Like a slow-simmering chicken cacciatore or savory vegetable stew, your credit score requires certain ingredients and ample time to bring out its full potential. Here we show what it takes to create Ramen Noodle Credit, Credit Primavera, and FICO Filet Mignon. These credit score recipes will make the most out of the ingredients you already have in your “pantry” at home (i.e. your credit report).
Choose the recipe below that contains the most number of ingredients you’ve already got stocked, and read the instructions to serve up a tasty credit score.
Ramen Noodle Credit
Everyone’s been through a Ramen Noodle phase, usually when money is tight or cooking skills are non-existent. This Ramen Noodle Credit recipe is for those who are just starting out and have very few ingredients available to make a tasty credit score. Remember, just as a hard brick of noodles and packet of sodium can be transformed into something edible, so can a skimpy credit history translate into a decent credit score.
- 1 cup maxed-out credit cards*
- Giant heap of student loan bills
- 2 recent applications for credit (that were denied!)
*If you can’t get ahold of conventional credit cards, substitute secured cards
Continue making on-time payments to all credit cards. Lower balances by spending less and paying down debt. Consolidate student loans and continue to make timely payments. Store all applications for new credit in freezer; thaw and turn in only after other cards are paid off.
There’s a little bit of everything in this dish, some of it yummy and some not so yummy. But with enough patience, the less tasty ingredients will take a backstage to the more flavorful ones. Patience is the pasta that holds this meal together. In time, any black marks listed on your credit report will be replaced with positive payment history, and you’ll enjoy the taste and nourishment that a strong credit score can bring.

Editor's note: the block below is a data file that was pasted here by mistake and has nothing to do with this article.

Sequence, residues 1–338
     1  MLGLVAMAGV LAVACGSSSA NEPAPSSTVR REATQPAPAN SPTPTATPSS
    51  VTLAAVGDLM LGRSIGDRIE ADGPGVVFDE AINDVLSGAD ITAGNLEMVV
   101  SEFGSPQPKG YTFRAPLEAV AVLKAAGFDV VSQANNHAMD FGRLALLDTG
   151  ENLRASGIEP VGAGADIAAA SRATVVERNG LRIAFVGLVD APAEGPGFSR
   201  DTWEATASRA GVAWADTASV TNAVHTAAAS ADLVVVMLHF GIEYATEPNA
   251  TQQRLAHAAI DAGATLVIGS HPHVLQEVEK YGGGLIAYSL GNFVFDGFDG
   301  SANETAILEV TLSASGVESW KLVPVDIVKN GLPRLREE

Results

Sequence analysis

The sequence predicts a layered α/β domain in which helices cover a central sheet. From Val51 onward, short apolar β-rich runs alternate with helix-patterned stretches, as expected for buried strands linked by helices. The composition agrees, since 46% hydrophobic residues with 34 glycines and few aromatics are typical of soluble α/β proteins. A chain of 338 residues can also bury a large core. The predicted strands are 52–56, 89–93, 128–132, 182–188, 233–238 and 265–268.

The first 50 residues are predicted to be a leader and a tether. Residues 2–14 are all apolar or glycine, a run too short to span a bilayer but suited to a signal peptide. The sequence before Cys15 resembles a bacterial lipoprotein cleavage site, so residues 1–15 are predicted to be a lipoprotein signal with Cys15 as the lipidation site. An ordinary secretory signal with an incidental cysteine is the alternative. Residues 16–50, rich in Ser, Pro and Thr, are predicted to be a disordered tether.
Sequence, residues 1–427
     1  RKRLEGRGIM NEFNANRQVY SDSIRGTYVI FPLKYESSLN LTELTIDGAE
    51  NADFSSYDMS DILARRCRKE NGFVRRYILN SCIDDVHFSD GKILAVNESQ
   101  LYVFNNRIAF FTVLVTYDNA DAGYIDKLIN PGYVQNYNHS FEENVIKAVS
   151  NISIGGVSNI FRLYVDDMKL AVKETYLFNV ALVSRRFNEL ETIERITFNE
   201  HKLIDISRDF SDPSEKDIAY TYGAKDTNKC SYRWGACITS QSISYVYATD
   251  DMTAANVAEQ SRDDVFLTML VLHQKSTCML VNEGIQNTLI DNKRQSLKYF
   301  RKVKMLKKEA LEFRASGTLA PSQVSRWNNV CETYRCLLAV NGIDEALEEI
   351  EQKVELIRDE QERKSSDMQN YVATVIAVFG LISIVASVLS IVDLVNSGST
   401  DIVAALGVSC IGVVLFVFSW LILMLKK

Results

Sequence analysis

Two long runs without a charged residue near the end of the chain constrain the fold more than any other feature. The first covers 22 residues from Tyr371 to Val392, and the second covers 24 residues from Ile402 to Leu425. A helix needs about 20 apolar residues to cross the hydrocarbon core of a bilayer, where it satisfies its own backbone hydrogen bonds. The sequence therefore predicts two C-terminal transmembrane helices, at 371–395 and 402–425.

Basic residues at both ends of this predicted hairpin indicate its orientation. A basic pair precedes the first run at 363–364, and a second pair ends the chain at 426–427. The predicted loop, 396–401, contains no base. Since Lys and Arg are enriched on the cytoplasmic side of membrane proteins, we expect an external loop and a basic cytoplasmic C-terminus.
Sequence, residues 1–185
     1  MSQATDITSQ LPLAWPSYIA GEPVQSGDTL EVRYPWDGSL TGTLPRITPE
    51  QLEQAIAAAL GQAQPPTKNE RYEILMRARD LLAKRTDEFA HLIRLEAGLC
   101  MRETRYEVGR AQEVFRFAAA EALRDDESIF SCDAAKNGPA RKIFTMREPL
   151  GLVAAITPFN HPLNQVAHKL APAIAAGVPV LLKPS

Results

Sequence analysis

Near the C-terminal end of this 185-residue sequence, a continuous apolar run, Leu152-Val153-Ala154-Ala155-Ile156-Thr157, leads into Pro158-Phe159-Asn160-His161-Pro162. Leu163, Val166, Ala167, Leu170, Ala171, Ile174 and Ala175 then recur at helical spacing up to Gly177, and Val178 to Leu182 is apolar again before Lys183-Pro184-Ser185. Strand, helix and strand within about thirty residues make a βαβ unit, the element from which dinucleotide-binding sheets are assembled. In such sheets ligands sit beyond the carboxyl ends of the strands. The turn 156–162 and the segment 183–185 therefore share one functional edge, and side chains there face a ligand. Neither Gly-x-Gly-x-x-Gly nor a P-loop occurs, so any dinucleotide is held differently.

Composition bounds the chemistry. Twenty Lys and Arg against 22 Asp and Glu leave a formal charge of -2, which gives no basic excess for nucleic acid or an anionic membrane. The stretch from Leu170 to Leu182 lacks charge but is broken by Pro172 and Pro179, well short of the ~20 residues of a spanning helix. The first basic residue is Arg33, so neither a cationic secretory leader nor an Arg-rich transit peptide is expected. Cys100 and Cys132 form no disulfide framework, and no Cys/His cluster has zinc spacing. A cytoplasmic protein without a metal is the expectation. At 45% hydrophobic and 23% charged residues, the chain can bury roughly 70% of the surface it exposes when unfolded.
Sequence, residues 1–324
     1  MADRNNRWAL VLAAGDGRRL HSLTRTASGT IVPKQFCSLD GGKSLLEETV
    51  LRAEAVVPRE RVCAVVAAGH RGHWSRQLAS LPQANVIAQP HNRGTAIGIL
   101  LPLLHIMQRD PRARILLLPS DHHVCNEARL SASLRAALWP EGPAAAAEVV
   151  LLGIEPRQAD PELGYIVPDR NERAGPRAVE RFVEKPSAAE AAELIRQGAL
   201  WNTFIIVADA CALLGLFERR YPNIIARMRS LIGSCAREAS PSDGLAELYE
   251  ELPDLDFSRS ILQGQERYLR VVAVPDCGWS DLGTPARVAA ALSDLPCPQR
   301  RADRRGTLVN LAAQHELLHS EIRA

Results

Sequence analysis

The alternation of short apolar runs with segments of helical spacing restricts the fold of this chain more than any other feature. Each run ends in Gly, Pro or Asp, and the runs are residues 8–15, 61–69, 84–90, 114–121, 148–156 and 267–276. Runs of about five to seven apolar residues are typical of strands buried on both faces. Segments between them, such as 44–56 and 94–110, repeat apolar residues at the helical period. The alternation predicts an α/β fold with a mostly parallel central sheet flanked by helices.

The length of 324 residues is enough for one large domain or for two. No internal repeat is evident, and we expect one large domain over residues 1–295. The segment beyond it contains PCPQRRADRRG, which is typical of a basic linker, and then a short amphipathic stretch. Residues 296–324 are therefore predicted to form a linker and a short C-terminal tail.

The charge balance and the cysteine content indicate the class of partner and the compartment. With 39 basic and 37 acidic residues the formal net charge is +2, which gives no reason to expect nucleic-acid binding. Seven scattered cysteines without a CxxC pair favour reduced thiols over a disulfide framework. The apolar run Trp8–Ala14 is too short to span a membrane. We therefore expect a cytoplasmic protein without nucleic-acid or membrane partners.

- A pinch of public record (a little goes a long way)
- A dash of delinquency*
- 1 oz. inaccurate information
- 1 cup collection accounts
*Can be substituted with a defaulted account
Correct any errors on your credit report immediately. The FCRA specifies that most negative information can’t be reported for longer than seven years (or 10 years for a bankruptcy). If negative information is still listed on your report past those deadlines, you should contact the credit bureaus to have it removed. Work with a credit counselor to pay off your collections account; try to negotiate an early removal of the collections account from your credit report.
FICO Filet Mignon
This recipe starts with the best ingredients and carefully prepares them to create an exceptional dinner. If you have these ingredients in your pantry, make sure you’re making the most of them.
- 5+ years on-time payment history
- 1 cup credit cards (look for one with large limits and low balances)
- Healthy mix of mortgage, car, and personal loans (make sure they all have on-time payment history)
Continually season the dish with timely payments and low levels of credit card debt. Consider enrolling in a credit monitoring program to guard against identity theft, which could quickly spoil your meal. Serve with a side of steady income and smart investments, and enjoy the feast of good credit!